Today, birds vs. clouds. The University of Houston's College of Engineering
presents this series about the machines
that make our civilization run, and the people
whose ingenuity created them.
Art historian Nigel Gosling begins his book about Félix Tournachon,
with author Victor Hugo addressing a letter to him. All Hugo had to do was scribble the
word Nadar on the envelope. Tournachon was that famous in Paris, under
his pseudonym, Nadar.
Nadar/Tournachon was born in 1820. His freethinking parents didn't marry until he was five.
He studied medicine, then journalism. Then he ran with the Paris radicals that you and I
know best from the opera La Boheme. He worked as drama critic, shop clerk,
caricature artist, pamphleteer -- you name it, he did it.
Exactly how Nadar had gotten into photography is unclear. He and that technology had grown
up together and, in 1854, he opened his own studio. Although he lived to the age of ninety,
and although he continued to dabble to the end, his photography is his legacy.
He left an extraordinary record of faces: Jules Verne, Victor Hugo -- Rossini, Baudelaire, Manet,
Offenbach, Liszt -- Sarah Bernhardt and Lillie Langtree. I feel linked with this other world
when I see his photo of Pablo Casals, whom I've heard play.
He also took his camera up into the sky and down into the earth. He photographed the famed Paris
sewers and he pioneered ae-rial photography. Just try to imagine handling a bulky camera, with
its long exposure times, in a hydrogen or hot air balloon.
Nadar, never one to do things by halves, didn't just rent a balloon, he vigorously took up
the cause of flight. First, he helped to form a Society for the Encouragement of Aerial
Locomotion by means of Heavier-Than-Air-Machines. Notice that heavier-than-air phrase. He
and his friend Victor Hugo felt very strongly that balloons were a mere stopgap. Hugo had written,
Raise your eyes to the heavens ... There I see two kinds of flight that of the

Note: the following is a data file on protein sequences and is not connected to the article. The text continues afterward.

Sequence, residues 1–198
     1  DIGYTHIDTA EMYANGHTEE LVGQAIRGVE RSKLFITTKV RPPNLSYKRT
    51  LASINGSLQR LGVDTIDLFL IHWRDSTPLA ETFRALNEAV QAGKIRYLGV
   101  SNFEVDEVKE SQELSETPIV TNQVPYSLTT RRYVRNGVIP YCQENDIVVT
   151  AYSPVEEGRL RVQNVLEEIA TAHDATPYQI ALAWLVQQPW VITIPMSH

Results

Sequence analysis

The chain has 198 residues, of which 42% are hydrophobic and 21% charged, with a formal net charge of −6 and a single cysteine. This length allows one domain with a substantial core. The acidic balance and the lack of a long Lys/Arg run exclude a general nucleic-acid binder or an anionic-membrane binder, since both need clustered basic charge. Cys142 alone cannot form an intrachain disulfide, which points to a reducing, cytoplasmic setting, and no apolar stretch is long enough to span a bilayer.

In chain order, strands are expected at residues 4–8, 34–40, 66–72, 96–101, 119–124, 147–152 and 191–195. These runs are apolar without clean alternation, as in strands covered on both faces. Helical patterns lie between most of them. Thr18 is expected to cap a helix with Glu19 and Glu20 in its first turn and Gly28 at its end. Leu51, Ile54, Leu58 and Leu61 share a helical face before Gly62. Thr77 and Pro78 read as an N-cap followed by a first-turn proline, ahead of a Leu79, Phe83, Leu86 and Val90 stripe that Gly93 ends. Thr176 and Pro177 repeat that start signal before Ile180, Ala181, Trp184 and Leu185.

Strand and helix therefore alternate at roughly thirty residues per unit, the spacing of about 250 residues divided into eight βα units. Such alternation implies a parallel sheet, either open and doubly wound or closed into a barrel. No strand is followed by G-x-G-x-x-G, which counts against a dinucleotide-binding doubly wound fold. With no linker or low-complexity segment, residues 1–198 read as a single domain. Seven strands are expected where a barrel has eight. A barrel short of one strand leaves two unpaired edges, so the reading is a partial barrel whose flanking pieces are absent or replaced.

cloud and that of the bird. One is the plaything of the wind. [The other] opposes
the wind and dominates it. Let our aeronauts be inspired by [the birds].
Hugo and Nadar read the future correctly, but the balloon was all they yet had. Nadar had a huge
one built. Its two-story high cab carried fourteen people. Its second flight ended badly. Caught
helpless as a cloud in the wind, it was dragged for a kilometer as it landed. Both Nadar and his
wife were seriously hurt.
But Nadar went on, not only to make aerial photos, but also to patent the idea of photographic mapping.
We gaze down from the sky at the Arc de Triomphe as it looked in 1868. Two years later Nadar
photographed the first balloon rising from Paris, during the Prussian siege, trying to make contact
with the outside world.
And, the year before he died, he cabled Louis Bleriot, who had just flown the English Channel.
"Deep gratitude for the joy with which your triumph fills this antediluvian of the heavier-than-air machine,"
he said. For indeed the bird had triumphed over the cloud. And Nadar had been the recording witness of it all.
I'm John Lienhard, at the University of Houston,
where we're interested in the way inventive minds
N. Gosling, Nadar. (New York: Alfred A. Knopf, 1976)
My thanks to Rob Zaretsky, UH Honors College for suggesting the topic. See also,
Episode 1966. For more on aerial photography, see
Episodes 284 and 1729. For more
on balloons during the Siege of Paris, see Episodes 1132
A Nadar photo of Santos-Dumont in one of his (heavier-than-air) aeroplane designs
The Engines of Our Ingenuity is
Copyright © 1988-2005 by John H.